The local bookstore also permits shoppers to browse, hold, touch, scrutinize, admire, and appreciate bound books. It's an experience as enjoyable to the average bookworm as it is to the book publishing professional.
What grabs a reader's attention first? The cover, of course. Readers judge, perhaps unconscientiously, a book's beauty and quality on the basis of what they see first.
It starts with the actual material. The choice in modern cover materials is wonderfully broad. Materials that emulate suede, leather, denim, or even stainless steel are easily accessible, and cost effective.
Effects that can't be purchased outright can be created through innovative techniques available at many leading printers. Indeed, there are actually printers today who specialize in nothing else but producing award-winning covers (call me; I'll be happy to refer you to one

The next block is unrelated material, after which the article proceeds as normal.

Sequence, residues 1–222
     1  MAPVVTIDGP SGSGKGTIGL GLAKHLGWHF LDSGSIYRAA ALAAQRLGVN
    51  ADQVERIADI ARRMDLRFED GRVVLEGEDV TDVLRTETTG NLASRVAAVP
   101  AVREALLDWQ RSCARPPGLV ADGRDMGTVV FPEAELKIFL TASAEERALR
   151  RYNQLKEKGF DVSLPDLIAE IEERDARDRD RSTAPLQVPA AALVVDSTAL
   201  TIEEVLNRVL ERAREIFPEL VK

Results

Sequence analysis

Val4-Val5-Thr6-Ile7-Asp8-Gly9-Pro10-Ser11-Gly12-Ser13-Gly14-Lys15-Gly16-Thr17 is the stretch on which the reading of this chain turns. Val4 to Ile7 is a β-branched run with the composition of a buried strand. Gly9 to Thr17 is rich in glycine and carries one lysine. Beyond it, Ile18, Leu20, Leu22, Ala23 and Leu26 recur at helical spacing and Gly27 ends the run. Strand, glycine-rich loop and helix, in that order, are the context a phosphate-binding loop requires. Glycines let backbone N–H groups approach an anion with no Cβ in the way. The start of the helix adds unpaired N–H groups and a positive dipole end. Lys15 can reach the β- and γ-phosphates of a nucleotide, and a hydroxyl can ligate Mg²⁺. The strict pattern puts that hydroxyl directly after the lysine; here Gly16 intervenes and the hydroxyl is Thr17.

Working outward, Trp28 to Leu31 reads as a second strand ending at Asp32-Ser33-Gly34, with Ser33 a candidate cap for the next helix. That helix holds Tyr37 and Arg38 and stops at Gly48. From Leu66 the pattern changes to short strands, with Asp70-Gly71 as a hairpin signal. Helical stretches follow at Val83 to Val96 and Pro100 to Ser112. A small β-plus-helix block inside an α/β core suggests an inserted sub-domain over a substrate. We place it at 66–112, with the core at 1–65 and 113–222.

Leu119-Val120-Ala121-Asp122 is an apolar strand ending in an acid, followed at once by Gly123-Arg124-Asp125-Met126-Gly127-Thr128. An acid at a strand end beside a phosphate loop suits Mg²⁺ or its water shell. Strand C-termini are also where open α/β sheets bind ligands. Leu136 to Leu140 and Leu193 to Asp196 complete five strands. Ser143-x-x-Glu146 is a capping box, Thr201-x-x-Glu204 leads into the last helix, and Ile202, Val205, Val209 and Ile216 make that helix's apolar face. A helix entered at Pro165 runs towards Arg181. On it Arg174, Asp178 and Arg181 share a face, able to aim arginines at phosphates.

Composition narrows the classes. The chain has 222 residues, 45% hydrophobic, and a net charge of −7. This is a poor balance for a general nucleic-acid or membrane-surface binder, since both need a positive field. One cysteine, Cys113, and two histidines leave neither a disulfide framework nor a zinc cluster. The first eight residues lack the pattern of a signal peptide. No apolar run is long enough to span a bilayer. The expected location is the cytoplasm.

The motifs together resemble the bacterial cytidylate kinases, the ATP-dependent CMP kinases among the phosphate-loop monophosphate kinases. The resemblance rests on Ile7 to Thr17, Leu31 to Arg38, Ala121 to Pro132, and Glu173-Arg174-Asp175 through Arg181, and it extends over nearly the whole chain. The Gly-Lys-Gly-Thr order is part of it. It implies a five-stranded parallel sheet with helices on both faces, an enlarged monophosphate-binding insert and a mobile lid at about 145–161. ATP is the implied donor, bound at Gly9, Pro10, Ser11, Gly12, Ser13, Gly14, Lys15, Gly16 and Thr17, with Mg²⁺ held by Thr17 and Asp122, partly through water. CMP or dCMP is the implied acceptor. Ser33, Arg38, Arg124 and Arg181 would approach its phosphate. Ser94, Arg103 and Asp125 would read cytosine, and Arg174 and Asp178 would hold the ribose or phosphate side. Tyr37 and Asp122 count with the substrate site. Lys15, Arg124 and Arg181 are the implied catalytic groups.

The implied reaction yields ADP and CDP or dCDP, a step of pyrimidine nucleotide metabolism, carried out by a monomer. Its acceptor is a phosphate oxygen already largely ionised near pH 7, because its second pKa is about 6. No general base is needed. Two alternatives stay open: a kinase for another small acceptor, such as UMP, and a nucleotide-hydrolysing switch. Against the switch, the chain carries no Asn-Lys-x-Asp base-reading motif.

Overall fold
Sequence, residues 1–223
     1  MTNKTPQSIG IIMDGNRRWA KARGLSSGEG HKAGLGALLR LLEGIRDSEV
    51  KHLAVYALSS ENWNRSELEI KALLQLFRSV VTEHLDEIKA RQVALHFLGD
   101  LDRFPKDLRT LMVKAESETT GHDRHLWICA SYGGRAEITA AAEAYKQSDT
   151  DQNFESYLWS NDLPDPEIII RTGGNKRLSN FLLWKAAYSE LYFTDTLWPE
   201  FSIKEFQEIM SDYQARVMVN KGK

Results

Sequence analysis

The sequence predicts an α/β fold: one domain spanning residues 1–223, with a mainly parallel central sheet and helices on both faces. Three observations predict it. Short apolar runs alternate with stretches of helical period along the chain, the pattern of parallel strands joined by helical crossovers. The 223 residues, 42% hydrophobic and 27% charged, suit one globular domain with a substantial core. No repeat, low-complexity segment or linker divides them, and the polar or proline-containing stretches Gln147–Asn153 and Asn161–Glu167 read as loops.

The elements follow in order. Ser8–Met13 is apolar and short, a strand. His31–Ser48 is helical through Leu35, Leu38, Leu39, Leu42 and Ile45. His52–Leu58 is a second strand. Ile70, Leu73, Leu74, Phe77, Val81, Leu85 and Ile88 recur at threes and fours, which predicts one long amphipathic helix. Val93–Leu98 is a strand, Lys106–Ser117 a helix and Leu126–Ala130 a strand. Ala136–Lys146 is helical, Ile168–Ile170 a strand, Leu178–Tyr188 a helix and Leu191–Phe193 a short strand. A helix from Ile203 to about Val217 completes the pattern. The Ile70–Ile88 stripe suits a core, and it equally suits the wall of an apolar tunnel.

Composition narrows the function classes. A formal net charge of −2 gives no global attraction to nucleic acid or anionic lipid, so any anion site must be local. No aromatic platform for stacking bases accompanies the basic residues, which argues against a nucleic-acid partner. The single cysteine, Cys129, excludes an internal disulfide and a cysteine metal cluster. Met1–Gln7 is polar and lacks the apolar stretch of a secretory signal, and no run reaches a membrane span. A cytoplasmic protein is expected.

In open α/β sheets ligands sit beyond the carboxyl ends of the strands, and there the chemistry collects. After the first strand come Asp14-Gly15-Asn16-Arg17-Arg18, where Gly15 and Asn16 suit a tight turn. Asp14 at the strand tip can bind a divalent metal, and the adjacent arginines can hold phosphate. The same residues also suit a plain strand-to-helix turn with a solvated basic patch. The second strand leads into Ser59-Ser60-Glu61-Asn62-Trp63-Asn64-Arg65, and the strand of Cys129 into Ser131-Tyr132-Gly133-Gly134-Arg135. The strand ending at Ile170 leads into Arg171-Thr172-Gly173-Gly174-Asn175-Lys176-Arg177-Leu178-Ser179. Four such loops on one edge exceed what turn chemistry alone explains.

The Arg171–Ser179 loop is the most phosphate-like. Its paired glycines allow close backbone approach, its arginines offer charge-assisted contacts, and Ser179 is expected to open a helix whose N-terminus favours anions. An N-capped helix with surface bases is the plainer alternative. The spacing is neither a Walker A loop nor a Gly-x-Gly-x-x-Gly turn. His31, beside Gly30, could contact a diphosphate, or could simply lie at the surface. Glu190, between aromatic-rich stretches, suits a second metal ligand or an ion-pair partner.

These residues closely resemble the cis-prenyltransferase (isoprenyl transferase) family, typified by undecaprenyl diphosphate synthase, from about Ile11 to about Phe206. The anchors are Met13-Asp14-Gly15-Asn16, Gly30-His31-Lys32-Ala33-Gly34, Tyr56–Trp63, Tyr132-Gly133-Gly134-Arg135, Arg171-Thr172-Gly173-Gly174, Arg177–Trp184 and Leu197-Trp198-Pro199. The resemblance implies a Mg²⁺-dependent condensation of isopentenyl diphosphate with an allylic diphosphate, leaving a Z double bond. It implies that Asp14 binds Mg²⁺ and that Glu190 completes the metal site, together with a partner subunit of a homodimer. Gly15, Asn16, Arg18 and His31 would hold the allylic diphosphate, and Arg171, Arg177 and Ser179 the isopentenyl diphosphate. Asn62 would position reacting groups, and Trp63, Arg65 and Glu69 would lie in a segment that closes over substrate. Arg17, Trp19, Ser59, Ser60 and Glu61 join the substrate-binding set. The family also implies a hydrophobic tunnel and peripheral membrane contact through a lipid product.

On the creative side, the latest technologies present many opportunities to embellish and differentiate your design from all the others. But be forewarned: there are clear technical rules designers should observe.
Failure to heed these rules will cause your designs to take longer and cost more to produce and, worse, might fail to deliver your intended design effect. Let's touch on some of the best practices:
• DO involve your printer as early in the design stage as possible. Get the outside experts involved in your project; they are the ones with the experience. Designing-on-the-fly can become expensive, even perilous. A knowledgeable printer will set expectations and provide accurate estimates for cost and turnaround.
• DO ask your printer if the spot UV will work with a matte lamination, or if embossing a particular area will be appropriate. When you are using a unique paper or multiple decorating techniques, be prepared to ante up for the press proof. WYSIWYG is not exclusive to the digital workflow. What you see on a press proof is "exactly" what will be wrapped around your book.